Well, this certainly wasn’t a healthy version of cornbread! The amount of cheese was hilarious. Before folding in the egg whites, the batter was the consistency of a great big ball of stringy melted cheese. Delicious, but not easy to work with! We persevered, though, and managed to evenly disperse the egg whites and subsequently created a lovely golden brown loaf of cornbread that was enjoyed by all three of us.

However, despite the massive quantity of cheese, it didn’t actually taste all that cheesy – probably because mozzarella doesn’t really taste of anything. The pervading flavour was onion. Surprisingly, this didn’t bother Baby Mash, who usually rejects onion in all forms, but Miranda and Ash thought it was a little overpowering: Ash commented that it tasted a bit like a cheese and onion pasty! If we were to make it again, we’d probably only use one onion instead of two.

We read that Paraguayans would typically serve this as a side to stews, so we had ours with a sausage casserole. We also grilled it for lunch the following day and ate it with poached eggs and tomatoes, which also worked.

Come and eat with us: Bolivian pisara

Baby Mash has a book called Come and eat with us! which explains some of the traditional meals and customs from a range of different countries. When we first got it we commented that we should use it as inspiration for this project when we got up to a country featured in the book. We had our first opportunity with Bolivia.

The book tells us that in Bolivia, ‘everybody helps pick quinoa, a tiny golden-coloured grain. It is cooked with honey to make pisara. Delicious!’ The actual national dish of Bolivia is salteñas, which are very faffy-looking empanadas that, frankly, were too faffy-looking for our toddler-filled life. ‘Delicious’ pisara was therefore a more appealing option. The few recipes that we found (including the one we used from The Fair Trade Cook Book suggested that it is traditionally eaten as a dessert, but we decided to make it for breakfast instead. Continue reading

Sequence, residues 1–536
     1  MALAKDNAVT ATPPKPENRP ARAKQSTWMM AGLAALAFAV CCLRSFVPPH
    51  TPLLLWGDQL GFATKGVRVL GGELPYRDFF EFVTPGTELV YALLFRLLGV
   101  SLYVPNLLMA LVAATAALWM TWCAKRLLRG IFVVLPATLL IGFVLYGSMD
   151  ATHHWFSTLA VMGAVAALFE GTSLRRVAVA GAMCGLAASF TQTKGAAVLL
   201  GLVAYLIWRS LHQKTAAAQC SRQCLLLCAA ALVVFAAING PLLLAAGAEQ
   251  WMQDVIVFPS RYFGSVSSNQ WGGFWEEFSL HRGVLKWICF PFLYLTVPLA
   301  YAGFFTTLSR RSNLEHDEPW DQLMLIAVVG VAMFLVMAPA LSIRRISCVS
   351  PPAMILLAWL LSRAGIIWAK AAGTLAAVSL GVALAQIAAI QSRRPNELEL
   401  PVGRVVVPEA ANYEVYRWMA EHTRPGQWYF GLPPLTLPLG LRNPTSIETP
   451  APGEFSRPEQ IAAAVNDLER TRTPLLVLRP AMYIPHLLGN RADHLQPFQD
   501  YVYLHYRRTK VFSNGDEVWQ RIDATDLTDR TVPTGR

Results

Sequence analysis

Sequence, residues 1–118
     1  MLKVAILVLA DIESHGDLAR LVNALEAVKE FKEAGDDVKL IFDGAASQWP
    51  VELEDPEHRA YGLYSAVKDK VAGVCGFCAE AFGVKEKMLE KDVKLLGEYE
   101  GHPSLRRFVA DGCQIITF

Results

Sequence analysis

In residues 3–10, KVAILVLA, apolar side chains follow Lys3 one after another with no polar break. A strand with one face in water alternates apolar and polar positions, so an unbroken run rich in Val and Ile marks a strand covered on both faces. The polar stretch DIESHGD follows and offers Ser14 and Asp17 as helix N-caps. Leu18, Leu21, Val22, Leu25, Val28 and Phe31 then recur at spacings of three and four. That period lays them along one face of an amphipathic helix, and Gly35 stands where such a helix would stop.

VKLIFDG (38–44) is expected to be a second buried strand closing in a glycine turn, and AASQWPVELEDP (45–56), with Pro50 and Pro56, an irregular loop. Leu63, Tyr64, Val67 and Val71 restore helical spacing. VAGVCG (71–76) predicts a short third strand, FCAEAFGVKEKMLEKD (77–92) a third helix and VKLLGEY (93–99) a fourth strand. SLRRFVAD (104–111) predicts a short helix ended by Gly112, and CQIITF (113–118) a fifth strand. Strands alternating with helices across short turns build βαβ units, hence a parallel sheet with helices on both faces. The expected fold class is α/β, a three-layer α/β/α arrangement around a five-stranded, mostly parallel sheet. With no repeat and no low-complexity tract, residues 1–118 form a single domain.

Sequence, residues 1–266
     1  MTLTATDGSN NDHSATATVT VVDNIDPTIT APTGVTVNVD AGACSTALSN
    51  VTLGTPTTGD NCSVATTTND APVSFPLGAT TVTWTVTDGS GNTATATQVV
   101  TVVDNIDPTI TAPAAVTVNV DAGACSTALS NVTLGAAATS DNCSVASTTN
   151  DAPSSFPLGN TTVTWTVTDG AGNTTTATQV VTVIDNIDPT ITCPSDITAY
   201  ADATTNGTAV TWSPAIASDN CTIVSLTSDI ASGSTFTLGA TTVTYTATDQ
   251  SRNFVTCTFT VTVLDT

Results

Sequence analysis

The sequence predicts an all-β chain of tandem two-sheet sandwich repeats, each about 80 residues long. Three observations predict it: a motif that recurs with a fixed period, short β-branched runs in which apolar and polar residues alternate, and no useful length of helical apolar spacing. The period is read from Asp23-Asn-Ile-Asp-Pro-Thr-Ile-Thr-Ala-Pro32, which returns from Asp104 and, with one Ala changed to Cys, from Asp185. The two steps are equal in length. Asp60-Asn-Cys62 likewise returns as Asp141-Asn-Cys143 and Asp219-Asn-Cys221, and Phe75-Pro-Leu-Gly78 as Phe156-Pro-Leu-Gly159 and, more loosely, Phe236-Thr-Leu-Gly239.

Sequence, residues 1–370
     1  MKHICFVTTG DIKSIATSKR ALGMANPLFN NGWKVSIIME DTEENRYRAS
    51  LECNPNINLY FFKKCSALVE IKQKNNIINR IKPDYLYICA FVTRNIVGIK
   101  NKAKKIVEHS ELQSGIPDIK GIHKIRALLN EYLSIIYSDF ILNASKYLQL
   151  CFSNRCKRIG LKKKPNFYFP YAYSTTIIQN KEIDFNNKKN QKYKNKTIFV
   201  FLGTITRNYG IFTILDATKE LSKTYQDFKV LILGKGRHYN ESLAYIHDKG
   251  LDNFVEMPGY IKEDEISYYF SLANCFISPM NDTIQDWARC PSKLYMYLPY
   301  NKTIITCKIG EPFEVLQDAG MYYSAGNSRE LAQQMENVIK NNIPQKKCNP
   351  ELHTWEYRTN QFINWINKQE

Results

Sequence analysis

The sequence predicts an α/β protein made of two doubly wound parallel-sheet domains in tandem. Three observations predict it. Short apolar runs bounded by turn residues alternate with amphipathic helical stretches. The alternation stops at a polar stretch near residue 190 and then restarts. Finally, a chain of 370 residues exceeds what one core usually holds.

Superfood ice cream: Peruvian alfajores con helada de lucuma

We’ve watched a lot of cooking shows on TV in our time and it’s now fairly rare that we come across an ingredient that we’ve never heard of. On the last season of Australian My Kitchen Rules, however, contestants Andy and Ruby (Peruvian besties who were desperate to put Peruvian food on the proverbial map) made lucuma ice cream. None of the other contestants knew what lucuma was, and neither did we, but they raved about the delicious caramel flavour of the ice cream and our curiosity was piqued.

For anyone else wondering, lucuma is a fruit native to South America, and it is surprisingly good for you – so much so that it’s been labelled a ‘superfood’. It’s high in beta carotene, iron, zinc, vitamin B3, calcium and protein – not to mention its anti-aging properties and the fact that it promotes cardiovascular health! We could have all that AND ice cream at the same time? We were sold. Continue reading